Friday, August 28, 2009

Broken Embraces [Los abrazos rotos] (2009)

"El Deseo presenta ..."

As soon as these three words appear on the screen, I get goosebumps all over. This is my fandom and if there is one filmmaker for whose films I would camp outside days before they are released, it would be Pedro (well, Coens too). Whatever the flaws his films might have, you always leave the cinema satisfied. And that's the key word here. His films have hardly been 'perfect' (whatever that implies), but you always get the sense that you got the maximum experience from a film. Underneath the colourful palette of his films (be it the set design, characters, dialogue, etc.) lies a great understanding of what a 'good' story is (whatever that implies too).

Broken Embraces is not his best film. In fact, I'm going so far as to say that it's his poorest effort since Live Flesh. However, it is more captivating than any 3D, SFX extravaganza that the future of cinema will throw our way. I don't want to bash special effects, or 'Hollywood' cinema - I like them as much as the next guy. But, Almodovar's films are pretty much guaranteed to move you without you realizing. Broken Embraces follows the same effortless pattern.

The plot is possibly the most convoluted that he has done: Mateo Blanco (Lluis Homar from Bad Education (2004) and Fermat's Room (2008)) is a filmmaker who is going blind. When an unexpected visitor from his past reappears, he reminisces the time when he met, worked with, and fell in love with a beautiful actress, Magdalena (Penelope Cruz in all her beauty). Almodovar plays with this narrative structure as he pleases, with flashbacks and flashforwards coming at their own pleasure. As usual there is a scene where a female character breaks down and reveals what actually happened in a scene. In this case Blanca Portillo's Judit reveals certain secrets at a dinner scene that lacks the emotional impact it probably should have had. In fact, there is a bigger reveal later on, but it's played down beautifully.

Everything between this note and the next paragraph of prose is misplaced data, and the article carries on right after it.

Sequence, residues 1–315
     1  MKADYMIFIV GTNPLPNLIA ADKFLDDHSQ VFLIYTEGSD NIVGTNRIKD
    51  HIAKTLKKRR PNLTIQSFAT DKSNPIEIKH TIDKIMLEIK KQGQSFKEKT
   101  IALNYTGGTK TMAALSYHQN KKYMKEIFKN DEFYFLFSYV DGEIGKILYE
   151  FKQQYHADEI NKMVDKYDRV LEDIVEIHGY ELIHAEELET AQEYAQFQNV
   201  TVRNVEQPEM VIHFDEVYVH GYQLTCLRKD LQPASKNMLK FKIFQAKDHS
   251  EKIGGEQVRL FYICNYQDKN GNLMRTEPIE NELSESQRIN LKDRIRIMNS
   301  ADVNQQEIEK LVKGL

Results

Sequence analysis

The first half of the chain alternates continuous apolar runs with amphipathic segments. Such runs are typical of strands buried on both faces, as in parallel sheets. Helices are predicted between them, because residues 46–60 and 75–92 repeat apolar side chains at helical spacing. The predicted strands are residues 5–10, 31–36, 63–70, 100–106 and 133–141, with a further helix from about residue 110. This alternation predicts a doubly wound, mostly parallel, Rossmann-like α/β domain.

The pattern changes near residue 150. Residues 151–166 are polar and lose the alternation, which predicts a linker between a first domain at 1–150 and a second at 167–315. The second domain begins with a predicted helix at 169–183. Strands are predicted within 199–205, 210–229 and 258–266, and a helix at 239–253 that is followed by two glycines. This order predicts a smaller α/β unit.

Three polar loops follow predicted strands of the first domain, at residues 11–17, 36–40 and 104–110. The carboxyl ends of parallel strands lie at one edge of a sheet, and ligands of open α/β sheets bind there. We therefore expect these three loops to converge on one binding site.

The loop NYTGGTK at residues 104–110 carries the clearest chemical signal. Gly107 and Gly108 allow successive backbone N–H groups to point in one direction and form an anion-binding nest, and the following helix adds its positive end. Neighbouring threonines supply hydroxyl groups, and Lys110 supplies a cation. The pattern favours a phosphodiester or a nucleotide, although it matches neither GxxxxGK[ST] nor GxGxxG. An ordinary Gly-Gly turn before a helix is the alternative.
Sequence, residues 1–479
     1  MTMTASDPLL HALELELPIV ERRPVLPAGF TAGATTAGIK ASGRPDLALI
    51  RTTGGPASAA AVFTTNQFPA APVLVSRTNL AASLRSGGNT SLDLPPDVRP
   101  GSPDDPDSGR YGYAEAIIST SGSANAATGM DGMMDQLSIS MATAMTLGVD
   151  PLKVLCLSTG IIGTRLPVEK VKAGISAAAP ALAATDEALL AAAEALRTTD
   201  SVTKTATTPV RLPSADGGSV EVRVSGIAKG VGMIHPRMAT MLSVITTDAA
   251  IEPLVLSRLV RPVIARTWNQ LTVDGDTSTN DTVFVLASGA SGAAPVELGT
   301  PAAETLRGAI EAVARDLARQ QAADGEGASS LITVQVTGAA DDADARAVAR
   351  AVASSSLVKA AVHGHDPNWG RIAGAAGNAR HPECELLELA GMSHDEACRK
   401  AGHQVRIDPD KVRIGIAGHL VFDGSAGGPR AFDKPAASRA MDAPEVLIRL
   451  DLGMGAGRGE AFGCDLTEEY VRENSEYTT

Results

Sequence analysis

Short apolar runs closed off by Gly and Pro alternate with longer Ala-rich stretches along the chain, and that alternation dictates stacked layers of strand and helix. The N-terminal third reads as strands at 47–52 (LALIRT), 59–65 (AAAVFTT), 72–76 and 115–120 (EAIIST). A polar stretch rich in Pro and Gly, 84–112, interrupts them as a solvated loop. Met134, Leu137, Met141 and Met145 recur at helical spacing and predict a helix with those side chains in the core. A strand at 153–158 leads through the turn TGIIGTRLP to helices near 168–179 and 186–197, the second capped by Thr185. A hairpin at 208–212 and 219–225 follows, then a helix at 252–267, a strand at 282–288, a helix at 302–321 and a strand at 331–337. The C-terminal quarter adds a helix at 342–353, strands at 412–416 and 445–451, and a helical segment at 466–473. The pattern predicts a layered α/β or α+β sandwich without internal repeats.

Almodovar plays with familiarity. He makes it pretty clear that you are watching an Almodovar film. In the hands of many filmmakers this could be jarring, but seeing some old faces cropping up in all the unexpected places is a joy: Angela Molina plays Cruz's mother (she looks surprisingly old!!), Rossy de Palma appears as the grudge-filled ex-wife in the film-within-a-film, Lola Duenas has some of the funniest lines, and, of course, Chus Lampreave. No Almodovar film would be complete without Chus.

It has flaws - too many of them - but it is as heart-warming, effortless, funny, emotional, and surprising as you can expect. Not the best film of the year, but it's the most satisfying of them all.

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